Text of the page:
Some observers call for different emphases or levels of U.S. involvement in Central Asia. Some have called for strengthening conditions linking aid to progress in improving human rights or in making adequate progress in democratization and the creation of free markets. Some dispute the importance of energy and other resources to U.S. national security interests. Others point to civil and ethnic tensions in the region as possibly endangering U.S. lives and investments. Heightened congressional interest in Central Asia was reflected in passage of "Silk Road" language in late 1999 (Consolidated Appropriations; P.L. 106-113) authorizing enhanced U.S. policy attention and aid to support conflict amelioration, humanitarian needs, economic development, transport (including energy pipelines) and communications, border controls, democracy, and the creation of civil societies in the South Caucasian and Central Asian states.
MOST RECENT DEVELOPMENTS
As part of Russian President Vladimir Putin's efforts to establish a rapid reaction military presence in Central Asia, visiting Tajik President Emomali Rakhmonov reportedly agreed with Putin on April 22, 2001, on the establishment of a 3,000-man tactical air base in Tajikistan, marking the reintroduction of such forces absent since the Soviet period. Russia also announced that it would bolster its border troops along the Tajik-Afghan border. Putin and visiting Uzbek President Islam Karimov agreed in early May on stepped-up Russian arms sales. The sanctioning of the rapid reaction forces will be discussed at a late May 2001 summit of the members of the Collective Security Treaty. Uzbek and Kyrgyz officials have been increasingly concerned about alleged imminent attacks by terrorist groups based in Afghanistan (and, reportedly, in the mountains of Tajikistan).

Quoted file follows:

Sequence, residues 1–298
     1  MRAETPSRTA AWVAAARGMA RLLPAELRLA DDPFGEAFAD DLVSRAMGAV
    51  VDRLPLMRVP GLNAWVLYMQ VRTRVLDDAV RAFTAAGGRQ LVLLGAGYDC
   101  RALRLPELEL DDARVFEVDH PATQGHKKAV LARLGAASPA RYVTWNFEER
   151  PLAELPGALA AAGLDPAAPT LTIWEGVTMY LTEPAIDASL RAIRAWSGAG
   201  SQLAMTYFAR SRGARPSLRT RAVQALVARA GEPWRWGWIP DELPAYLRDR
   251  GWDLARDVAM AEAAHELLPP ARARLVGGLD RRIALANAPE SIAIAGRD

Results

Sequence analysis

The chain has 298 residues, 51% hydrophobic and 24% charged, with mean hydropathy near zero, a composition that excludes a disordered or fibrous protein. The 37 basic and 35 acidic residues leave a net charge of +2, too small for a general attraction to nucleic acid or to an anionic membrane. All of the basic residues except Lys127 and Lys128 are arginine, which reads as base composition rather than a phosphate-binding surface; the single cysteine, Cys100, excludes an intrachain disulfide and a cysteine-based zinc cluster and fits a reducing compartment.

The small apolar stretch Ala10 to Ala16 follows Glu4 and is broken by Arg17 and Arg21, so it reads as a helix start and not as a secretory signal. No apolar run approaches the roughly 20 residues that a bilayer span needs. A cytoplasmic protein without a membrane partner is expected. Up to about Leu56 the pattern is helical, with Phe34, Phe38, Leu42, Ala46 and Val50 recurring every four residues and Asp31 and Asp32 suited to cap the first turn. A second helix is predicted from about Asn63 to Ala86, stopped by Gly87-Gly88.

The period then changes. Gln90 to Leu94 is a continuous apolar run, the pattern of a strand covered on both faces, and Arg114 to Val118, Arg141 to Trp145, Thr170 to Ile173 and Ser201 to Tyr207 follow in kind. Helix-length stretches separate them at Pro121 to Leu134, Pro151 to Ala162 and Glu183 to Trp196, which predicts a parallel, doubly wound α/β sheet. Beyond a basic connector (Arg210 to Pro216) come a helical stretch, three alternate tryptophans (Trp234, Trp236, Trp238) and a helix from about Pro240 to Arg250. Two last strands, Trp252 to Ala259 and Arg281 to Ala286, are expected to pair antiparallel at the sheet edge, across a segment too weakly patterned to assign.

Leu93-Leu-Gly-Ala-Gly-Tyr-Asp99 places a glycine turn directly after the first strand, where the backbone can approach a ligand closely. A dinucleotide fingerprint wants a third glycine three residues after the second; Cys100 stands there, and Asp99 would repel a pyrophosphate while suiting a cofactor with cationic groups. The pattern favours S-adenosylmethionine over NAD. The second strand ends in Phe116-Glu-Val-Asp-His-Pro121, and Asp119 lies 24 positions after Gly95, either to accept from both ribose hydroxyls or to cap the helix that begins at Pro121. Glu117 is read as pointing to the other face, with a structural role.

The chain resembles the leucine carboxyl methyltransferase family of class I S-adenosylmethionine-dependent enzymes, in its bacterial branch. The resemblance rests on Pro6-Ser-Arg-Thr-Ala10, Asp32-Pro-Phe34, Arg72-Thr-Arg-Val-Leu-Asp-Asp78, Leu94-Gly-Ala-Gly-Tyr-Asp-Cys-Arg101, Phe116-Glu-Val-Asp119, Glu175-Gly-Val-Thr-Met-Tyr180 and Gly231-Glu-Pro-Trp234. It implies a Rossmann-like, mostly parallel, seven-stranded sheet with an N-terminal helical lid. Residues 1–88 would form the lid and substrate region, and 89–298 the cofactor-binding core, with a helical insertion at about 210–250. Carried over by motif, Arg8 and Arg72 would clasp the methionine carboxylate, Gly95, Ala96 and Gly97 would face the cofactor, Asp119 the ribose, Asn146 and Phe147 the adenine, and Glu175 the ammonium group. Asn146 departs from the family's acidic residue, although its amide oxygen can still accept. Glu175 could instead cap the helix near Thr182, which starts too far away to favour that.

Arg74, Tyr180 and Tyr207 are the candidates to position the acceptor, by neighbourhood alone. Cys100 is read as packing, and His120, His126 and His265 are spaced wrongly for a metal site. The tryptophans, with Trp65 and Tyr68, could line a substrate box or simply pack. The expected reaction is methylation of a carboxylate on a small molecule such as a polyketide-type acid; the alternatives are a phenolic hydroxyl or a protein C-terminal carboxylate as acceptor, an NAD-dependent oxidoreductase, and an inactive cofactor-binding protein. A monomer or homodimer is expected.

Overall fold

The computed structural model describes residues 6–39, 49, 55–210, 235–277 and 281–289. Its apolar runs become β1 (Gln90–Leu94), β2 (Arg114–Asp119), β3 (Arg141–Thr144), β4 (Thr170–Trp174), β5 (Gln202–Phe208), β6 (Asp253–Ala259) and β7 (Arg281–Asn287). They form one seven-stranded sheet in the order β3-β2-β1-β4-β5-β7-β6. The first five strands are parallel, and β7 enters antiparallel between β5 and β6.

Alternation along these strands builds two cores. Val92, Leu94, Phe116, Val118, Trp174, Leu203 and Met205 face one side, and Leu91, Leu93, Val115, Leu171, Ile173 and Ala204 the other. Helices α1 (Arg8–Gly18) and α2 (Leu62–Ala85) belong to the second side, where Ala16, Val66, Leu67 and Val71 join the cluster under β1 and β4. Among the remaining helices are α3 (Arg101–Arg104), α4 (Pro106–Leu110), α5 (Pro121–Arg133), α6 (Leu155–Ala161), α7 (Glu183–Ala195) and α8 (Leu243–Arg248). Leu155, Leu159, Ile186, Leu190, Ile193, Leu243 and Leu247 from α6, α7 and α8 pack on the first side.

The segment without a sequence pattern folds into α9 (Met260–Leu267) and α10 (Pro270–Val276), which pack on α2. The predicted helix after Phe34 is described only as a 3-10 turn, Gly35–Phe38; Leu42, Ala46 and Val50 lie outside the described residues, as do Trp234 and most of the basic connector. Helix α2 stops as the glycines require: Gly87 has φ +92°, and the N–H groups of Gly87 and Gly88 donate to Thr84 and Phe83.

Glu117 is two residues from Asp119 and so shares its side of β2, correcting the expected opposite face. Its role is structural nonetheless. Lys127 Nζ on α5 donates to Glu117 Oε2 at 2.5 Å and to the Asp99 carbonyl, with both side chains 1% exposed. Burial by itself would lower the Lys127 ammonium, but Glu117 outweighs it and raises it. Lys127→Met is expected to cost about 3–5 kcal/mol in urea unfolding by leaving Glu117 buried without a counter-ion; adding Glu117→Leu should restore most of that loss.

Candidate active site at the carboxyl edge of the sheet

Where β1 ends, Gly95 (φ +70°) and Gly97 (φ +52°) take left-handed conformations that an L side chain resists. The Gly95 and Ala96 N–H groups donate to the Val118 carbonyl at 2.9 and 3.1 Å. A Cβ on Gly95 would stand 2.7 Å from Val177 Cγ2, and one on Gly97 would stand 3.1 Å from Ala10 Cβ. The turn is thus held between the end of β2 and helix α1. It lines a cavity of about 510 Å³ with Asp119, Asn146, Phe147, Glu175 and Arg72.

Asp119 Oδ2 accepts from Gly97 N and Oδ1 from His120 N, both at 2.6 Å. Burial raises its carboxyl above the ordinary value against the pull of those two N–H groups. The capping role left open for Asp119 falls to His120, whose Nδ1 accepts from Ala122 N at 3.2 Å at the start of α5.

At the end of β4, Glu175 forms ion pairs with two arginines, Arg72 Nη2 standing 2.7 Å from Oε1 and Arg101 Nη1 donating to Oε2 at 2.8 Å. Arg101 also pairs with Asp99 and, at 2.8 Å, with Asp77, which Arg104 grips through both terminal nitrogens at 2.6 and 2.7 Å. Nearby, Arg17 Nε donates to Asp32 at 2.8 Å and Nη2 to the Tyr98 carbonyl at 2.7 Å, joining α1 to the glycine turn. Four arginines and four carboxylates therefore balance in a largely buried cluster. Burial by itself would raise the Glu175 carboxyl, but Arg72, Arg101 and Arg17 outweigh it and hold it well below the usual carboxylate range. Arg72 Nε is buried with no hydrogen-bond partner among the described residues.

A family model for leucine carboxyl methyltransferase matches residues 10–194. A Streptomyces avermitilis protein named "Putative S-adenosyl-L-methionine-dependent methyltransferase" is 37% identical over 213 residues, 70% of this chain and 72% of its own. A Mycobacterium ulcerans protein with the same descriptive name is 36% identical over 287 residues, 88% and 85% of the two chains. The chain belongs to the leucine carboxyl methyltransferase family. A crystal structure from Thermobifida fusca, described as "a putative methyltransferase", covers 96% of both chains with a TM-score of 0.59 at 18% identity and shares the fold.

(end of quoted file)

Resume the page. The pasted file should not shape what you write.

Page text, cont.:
Visiting U.S. Central Command Commander-in-Chief Tommy Franks on May 16, 2001, announced that Tajikistan had been admitted into NATO's Partnership for Peace. General Franks reportedly offered officer training with NATO and invited the "strategically important" Tajikistan to observe upcoming NATO exercises in Germany. He visited Kyrgyzstan the next day to discuss U.S. military assistance.
BACKGROUND AND ANALYSIS